A ley of contrasts. It runs N.W. for 91/2 miles from the SE of Leicester, across the city's most ancient quarter, then over one of its industrial areas, finally reaching picturesque Bradgate Park on Charnwood Forrest. The development of an alignment discovered in the field by David Potts.
The ley commences in the SE at the former village green at Oadby. Little of this is now left except a lawn and a seat, but the name of the inn alongside remembers the spot and depicts a maypole on its sign. Next to the village green is the church of St. Peter (62350038), where the external part of the building is almost entirely early 14th century. The ley's bearing seems to graze the SW corner of the tower.
Travelling NW, the ley crosses Leicester, passing through Stoneygate, Victoria Park, one end of the old market place and Cank Street, named after an ancient well situated there. If a line were to be drawn across an old section of the city, this would be one of the more acceptable possibilities; if leys are 'chance' how strange that such coincidences occur. Leicester was founded, according to legend, by King Lear, son of the magical monarch Bladud. When the Romans came to the city's site they found a Belgic settlement already established. The Romans considered what is now called High Cross in Leicester to be the centre of England. In medieval times a pageant called ' The Riding of the George' used to take place in the streets of Leicester, with a parade of effigies depicting St. George and the Dragon.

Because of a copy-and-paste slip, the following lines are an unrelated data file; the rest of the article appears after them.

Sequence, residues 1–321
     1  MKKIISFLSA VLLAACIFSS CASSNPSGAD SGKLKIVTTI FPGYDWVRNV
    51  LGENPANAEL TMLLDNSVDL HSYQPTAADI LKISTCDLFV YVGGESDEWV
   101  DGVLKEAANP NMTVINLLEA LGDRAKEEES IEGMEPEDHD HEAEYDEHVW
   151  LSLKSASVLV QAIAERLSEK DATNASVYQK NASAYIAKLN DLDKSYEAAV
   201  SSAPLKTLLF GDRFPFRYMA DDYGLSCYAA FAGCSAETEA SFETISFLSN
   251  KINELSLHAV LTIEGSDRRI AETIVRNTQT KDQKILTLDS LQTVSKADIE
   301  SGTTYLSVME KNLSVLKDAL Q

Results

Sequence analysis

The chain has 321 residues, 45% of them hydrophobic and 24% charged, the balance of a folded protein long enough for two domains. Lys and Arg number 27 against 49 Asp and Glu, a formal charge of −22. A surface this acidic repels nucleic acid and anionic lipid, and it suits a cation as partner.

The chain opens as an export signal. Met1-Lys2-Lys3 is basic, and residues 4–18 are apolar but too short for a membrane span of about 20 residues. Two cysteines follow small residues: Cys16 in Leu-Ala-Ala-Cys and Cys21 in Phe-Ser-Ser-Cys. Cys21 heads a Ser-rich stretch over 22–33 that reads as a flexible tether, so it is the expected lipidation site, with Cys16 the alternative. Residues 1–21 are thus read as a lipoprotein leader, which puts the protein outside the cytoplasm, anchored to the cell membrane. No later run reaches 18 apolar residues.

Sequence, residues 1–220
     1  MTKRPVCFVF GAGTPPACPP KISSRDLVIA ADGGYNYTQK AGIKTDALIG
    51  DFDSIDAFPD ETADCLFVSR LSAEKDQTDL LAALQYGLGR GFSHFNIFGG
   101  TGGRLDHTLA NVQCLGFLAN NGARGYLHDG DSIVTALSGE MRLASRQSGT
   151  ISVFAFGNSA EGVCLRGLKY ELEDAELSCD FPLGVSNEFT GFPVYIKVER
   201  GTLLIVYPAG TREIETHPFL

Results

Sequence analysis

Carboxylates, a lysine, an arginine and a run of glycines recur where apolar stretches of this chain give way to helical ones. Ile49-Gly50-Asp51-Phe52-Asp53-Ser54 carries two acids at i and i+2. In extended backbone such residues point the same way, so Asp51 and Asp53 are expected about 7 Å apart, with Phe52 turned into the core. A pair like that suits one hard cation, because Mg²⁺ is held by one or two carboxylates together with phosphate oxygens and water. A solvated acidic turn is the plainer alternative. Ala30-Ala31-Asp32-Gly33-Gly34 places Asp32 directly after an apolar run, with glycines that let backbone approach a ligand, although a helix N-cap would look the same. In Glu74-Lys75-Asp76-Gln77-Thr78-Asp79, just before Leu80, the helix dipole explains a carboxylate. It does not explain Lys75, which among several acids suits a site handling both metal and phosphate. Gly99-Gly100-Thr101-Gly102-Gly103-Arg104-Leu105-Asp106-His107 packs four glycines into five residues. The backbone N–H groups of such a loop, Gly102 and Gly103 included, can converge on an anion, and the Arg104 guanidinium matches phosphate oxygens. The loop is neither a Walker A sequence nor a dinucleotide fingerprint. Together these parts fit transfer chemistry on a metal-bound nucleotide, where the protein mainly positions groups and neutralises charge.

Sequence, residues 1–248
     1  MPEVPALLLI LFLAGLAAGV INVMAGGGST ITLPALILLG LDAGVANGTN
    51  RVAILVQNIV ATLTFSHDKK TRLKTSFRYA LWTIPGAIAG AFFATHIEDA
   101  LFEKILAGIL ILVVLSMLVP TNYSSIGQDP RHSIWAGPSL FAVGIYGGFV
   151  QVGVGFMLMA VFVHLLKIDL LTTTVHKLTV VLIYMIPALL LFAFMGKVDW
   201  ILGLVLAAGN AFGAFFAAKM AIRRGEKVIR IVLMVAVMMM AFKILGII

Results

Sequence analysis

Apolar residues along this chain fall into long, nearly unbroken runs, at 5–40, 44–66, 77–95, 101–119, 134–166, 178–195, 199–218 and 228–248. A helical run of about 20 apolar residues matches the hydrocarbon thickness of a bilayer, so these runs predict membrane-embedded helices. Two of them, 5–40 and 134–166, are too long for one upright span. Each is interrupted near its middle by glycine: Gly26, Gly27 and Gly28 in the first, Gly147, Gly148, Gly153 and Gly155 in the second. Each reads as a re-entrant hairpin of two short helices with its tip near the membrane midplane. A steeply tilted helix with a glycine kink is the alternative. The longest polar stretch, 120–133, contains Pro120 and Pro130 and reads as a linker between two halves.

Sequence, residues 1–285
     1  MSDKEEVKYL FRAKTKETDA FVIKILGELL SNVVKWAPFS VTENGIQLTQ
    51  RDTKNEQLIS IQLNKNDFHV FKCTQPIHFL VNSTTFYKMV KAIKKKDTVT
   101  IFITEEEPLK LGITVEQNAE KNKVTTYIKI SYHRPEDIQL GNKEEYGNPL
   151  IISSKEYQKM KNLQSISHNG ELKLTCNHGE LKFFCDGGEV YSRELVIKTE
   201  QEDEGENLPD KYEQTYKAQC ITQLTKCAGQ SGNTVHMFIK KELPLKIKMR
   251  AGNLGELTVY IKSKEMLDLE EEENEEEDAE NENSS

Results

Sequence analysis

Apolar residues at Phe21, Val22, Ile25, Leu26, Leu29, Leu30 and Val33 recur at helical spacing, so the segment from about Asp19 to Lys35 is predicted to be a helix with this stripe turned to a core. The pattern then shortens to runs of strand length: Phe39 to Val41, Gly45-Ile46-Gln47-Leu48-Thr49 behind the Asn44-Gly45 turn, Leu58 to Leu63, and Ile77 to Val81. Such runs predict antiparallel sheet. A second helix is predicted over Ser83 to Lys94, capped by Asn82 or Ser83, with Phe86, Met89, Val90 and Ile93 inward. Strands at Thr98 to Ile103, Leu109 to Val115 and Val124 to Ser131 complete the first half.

Shortly after the market-place, the ley reaches All Saints Church (58290484) in Highcross Street. This dates from a least Norman times, and its tower may possibly be of that period.
All Saints is hemmed in by building, and from the church the ley enters the curiously named Frog Island, an industrial part of the city, passing at an angle down New Pingle Street. This is now on an industrial part of the city, passing at an angle down New Pingle Street. This is now on an industrial but 'pingle' in Leicestershire dialect usually denotes an old track. The pingle was probably prefixed by 'new' as the area became built up. At the end of this street, and on the ley, is the Britella factory (58050510) which apparently was haunted by a spectre so unpleasant that the work force demanded that the place be exorcised if they were to carry on working. This could be an example of the sort of thing the feng shui geomancers in China were anxious to avoid.
Leicester - its centre and environs - has had its skies occupied by some truly remarkable UFOs over the years, far too many to itemize here. The city is a minor 'ufocal'.
Leaving the city, the ley goes through a crossroads named Woodgate (57700550). Dead wood from Leicester Forest was brought to the old Wood Gate of the city, where it was bought cheaply by the inhabitants.